ALBUM: Hour of the Dawn
ARTIST: La Sera
Katy Goodman may have been the secret weapon in Vivian Girls. If Cassie Ramone was the forefront with her reedy vocals and reverb-drenched guitar, then Kickball Katy was the anchor, helping reconcile the band's love of Sixties guitar pop and noisy indie rock with her harmonies and deft bass work. Remember the intro to "Take It As It Comes"?
At the same time, it's Goodman's work outside of the band that revealed her as a music geek in love with pop music, her music as La Sera a testament to her influences and an exhibition of her fantastic songwriting abilities. So with Hour of the Dawn, the third La Sera album and the first since the dissolution of Vivian Girls, we find Goodman looking to raise the stakes. Once the goal was to write summer-soaked pop songs, now there needs to be the involvement of some gravitas.
In attempting to achieve that, Hour of the Dawn is a bit of a head scratcher at first. While the initial promo campaign hinted that the album would have an aggressive punk quality to it, "Leslie Gore fronting Black Flag" being the quote in question, this isn't entirely correct. In some parts, there is a level of darkness not found in previous La Sera albums. The production is beefier and Goodman's new backing band have the chops of realizing Goodman's vision. The lofi noise-pop stylings of the past are replaced by something far more muscular. Listening to lead single "Losing to the Dark", with its guitar fretboard fireworks and lyrics evoking spite towards a former lover, you can't help but feel like she nailed it and then some. Yet as hard-hitting that track is, Goodman's pop sensibilities still remain. Instead of a Black Flag-inspired album of odes to love and the romances that inspire and break them, what we actually get is an after-hours take on surf rock.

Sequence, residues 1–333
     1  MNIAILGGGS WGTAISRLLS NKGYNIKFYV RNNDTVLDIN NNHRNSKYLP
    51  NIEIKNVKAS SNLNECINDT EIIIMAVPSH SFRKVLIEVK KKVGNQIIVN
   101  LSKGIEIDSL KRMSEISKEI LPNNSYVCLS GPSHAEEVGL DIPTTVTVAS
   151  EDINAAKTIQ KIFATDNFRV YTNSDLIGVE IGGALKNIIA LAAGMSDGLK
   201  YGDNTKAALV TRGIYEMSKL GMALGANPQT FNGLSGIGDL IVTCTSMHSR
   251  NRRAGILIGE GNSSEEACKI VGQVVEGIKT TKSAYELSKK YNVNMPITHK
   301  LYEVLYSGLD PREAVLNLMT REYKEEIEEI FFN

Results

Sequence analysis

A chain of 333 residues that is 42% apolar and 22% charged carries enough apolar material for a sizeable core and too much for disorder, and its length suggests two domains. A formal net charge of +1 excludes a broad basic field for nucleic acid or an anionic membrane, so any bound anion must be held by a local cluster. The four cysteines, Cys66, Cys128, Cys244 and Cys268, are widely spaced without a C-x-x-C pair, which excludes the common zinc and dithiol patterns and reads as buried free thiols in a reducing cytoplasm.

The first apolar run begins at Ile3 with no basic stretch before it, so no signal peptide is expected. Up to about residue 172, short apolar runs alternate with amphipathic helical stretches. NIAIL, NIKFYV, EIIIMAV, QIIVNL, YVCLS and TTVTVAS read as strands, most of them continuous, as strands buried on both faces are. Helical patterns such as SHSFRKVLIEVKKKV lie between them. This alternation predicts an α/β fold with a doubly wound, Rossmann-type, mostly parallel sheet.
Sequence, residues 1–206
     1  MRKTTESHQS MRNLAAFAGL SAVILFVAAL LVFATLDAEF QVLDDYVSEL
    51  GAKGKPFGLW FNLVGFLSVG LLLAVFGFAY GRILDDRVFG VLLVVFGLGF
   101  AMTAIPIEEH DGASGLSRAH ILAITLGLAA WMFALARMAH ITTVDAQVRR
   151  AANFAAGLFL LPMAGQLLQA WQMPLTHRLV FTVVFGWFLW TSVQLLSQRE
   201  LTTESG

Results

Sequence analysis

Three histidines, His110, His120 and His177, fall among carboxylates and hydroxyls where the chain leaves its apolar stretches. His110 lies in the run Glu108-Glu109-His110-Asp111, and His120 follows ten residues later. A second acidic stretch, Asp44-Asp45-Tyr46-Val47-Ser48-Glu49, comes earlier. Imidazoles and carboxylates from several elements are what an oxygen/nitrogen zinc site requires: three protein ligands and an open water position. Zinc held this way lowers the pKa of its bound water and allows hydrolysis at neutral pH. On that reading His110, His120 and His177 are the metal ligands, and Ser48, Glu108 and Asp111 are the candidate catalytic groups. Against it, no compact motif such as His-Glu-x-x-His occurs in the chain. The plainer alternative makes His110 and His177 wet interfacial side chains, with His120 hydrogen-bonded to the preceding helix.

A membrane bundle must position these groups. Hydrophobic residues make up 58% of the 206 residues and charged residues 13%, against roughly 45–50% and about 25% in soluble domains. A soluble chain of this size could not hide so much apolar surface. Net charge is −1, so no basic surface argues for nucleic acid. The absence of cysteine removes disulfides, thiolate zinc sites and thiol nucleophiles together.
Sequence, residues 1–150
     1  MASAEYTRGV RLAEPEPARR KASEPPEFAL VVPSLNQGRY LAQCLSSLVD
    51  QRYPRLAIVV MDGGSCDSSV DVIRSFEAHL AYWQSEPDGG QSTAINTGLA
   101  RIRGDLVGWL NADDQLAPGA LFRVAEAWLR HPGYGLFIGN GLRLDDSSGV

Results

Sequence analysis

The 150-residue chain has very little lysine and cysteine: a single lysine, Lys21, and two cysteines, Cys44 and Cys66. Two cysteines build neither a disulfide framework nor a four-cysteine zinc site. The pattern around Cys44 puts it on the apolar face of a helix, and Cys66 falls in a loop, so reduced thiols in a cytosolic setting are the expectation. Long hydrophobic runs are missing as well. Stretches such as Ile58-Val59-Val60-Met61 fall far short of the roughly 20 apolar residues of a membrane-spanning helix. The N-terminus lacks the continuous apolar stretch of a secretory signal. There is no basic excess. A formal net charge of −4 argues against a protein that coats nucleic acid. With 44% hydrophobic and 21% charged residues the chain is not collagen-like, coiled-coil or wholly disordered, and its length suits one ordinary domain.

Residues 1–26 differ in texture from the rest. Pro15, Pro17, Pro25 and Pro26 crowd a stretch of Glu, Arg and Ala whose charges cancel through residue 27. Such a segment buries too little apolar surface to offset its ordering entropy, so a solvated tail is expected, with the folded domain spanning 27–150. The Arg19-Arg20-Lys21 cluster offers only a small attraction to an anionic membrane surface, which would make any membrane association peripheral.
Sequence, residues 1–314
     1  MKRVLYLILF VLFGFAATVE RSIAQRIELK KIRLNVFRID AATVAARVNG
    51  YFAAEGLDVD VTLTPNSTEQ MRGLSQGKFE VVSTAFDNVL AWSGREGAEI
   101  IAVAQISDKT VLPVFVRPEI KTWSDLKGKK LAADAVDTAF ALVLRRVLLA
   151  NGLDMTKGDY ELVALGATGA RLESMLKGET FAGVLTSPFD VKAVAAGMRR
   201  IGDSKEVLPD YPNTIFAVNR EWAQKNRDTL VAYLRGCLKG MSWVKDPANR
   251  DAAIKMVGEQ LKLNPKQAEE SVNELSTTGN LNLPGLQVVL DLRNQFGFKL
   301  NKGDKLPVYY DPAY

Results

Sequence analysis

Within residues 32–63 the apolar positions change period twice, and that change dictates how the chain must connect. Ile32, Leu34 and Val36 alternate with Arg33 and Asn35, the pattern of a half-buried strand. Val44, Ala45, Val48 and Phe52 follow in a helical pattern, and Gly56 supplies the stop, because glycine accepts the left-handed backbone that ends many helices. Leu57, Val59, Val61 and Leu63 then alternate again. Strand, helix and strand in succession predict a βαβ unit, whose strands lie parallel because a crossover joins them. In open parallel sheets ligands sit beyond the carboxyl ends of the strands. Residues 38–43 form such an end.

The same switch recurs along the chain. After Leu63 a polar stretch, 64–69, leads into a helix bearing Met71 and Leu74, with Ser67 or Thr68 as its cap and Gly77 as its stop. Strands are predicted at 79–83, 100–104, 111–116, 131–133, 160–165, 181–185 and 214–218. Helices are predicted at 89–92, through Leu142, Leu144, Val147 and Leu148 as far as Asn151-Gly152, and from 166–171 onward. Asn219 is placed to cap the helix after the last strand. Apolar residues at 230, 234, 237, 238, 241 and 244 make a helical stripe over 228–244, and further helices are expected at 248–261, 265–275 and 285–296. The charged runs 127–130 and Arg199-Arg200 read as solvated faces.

One of the highlights of previous album Sees the Light was the ease Goodman found herself moving from musical stylings like a new homeowner in love with several different wallpaper options. From bubblegum garage to shoegaze to pop punk, Goodman's lithe and fluttering voice and knack with melodies were the focal points that kept the album from collapsing unto itself. Hour of the Dawn, in comparison, feels tighter and concise. It's a collection of well-focused pop songs, but as tight as it is, there are still experiments and those tend to contain some of the most exciting moments of the album. "Control" is La Sera going for New Wave, while “Storm’s End” is a hell of a closer, the surf guitar lead and wall of harmonies evoking images of doom on a sun-ridden beach time forgot. And did we already discuss the jaw-dropping chorus of "Losing to the Dark"?
If anything, Hour of the Dawn comes across as one-dimensional at times, the desert imagery stretching at points. The best songs on Sees the Light breezed on with an exuberant ease and while Hour of the Dawn has a deft sophistication to it, it's no substitute for instituting excitement. But it’s hard to complain when you’re talking about Katy Goodman, who’s proven she can still write a song better than most people. With Hour of the Dawn, the ball’s still in her court.
"My heart’s a waste."